Story from Jason Mach
[Jason Mach} “When Professor Rah was writing The Next Evangelicalism, he asked me (Jason) to visit a number of Web sites for emerging churches. I discovered that the large majority of emerging church leaders were white 20- to 30-year-olds. Photos showed people in trendy clothing, sporting cool hairstyles and eyewear.
Some might respond, so what? If the majority of people to whom the emerging church movement appeals are younger people of European descent and stylistic flair, then so be it. But there is a larger problem. As I continued my research, memories from my own spiritual journey flooded my mind—memories of hopelessness and longing, of wanting to believe there was something more rich and diverse about Christian life than what I was experiencing in the white suburbs. There was a great sense of joy when I found an emerging church, a place where people from various backgrounds (so I thought) were gathered in one community. I quickly became a fan of the emerging church. But now, in the midst of my research, my excitement was beginning to fade.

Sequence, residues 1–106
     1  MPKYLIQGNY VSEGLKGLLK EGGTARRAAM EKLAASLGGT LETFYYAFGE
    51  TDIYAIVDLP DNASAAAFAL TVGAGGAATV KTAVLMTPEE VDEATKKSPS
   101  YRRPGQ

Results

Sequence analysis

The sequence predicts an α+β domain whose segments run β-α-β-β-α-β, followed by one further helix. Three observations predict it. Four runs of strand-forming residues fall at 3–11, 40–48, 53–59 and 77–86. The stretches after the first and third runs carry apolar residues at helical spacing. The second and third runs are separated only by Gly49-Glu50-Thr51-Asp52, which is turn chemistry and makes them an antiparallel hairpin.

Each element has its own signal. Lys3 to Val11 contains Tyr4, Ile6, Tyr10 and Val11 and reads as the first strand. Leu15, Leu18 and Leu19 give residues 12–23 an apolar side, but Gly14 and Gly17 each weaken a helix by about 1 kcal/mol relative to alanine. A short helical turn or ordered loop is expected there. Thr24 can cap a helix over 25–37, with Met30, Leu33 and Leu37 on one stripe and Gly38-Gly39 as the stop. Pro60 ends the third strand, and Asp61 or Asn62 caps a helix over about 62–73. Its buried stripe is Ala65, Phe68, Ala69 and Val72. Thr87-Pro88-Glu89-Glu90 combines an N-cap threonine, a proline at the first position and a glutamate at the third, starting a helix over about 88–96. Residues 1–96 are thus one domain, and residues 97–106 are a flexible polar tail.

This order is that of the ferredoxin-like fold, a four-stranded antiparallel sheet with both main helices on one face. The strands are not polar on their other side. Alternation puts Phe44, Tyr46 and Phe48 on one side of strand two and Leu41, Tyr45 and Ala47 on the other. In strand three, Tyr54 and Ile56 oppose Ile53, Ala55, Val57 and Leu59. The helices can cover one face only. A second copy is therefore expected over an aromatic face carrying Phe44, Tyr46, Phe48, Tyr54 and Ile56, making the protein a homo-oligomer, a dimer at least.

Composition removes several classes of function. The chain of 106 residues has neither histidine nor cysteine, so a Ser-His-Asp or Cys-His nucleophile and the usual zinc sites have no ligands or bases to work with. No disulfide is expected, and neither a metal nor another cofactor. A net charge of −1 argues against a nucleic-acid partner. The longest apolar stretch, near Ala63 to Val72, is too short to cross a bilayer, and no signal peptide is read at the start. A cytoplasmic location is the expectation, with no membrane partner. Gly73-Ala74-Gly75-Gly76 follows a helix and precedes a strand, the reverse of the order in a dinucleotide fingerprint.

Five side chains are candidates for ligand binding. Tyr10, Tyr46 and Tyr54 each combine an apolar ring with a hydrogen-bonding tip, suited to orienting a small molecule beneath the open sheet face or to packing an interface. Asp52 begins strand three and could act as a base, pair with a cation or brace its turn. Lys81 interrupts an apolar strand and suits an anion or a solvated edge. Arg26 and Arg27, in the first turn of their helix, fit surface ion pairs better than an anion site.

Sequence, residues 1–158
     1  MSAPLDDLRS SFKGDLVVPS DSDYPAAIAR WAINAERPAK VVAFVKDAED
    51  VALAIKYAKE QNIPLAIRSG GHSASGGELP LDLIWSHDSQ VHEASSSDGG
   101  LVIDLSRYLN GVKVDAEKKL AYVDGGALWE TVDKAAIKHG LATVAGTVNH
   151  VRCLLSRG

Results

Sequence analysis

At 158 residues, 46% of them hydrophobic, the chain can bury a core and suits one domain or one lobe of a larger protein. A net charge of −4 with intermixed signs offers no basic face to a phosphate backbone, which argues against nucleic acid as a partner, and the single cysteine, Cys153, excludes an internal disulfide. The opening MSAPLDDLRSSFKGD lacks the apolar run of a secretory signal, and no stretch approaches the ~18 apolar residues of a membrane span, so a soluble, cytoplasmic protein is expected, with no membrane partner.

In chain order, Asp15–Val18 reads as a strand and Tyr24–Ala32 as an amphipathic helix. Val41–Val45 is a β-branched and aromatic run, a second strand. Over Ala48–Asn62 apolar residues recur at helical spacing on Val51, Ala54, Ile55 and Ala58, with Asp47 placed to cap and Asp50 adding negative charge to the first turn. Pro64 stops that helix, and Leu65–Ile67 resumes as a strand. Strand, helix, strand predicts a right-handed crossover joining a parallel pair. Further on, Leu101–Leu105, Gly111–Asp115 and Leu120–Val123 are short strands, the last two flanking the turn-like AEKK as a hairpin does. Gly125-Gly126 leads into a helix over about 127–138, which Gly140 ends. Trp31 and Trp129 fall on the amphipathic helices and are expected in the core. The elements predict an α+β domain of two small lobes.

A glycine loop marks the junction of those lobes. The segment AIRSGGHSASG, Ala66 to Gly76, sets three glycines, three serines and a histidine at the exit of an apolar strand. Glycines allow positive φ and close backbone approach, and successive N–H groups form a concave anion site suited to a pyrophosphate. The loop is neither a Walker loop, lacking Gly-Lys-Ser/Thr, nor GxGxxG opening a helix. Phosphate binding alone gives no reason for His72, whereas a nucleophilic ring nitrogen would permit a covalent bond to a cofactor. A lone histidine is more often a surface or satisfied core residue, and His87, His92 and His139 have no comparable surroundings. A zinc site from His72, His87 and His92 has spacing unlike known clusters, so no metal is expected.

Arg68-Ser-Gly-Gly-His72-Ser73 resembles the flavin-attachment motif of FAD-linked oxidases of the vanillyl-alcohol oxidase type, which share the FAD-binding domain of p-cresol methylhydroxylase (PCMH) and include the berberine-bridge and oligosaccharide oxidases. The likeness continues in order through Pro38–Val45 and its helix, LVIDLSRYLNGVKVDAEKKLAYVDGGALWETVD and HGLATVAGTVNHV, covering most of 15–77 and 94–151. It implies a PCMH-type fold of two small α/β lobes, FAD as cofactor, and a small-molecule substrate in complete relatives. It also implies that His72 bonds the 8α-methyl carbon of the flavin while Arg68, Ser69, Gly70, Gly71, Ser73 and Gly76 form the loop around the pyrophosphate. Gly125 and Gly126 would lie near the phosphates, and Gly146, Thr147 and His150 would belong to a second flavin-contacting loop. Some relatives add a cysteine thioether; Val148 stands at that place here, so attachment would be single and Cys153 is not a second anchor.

The emerging church, or rather this particular expression of it, was in essence no different than the church environment in which I was raised. Younger and cooler, maybe, but still the same: white, middle- to upper-class, and reflecting many of the values associated with these categories. It became apparent to me that this “emerging,” postmodern church was simply the pierced and tattooed offspring of its older, modern parents.” From Is the Emerging Church for Whites Only?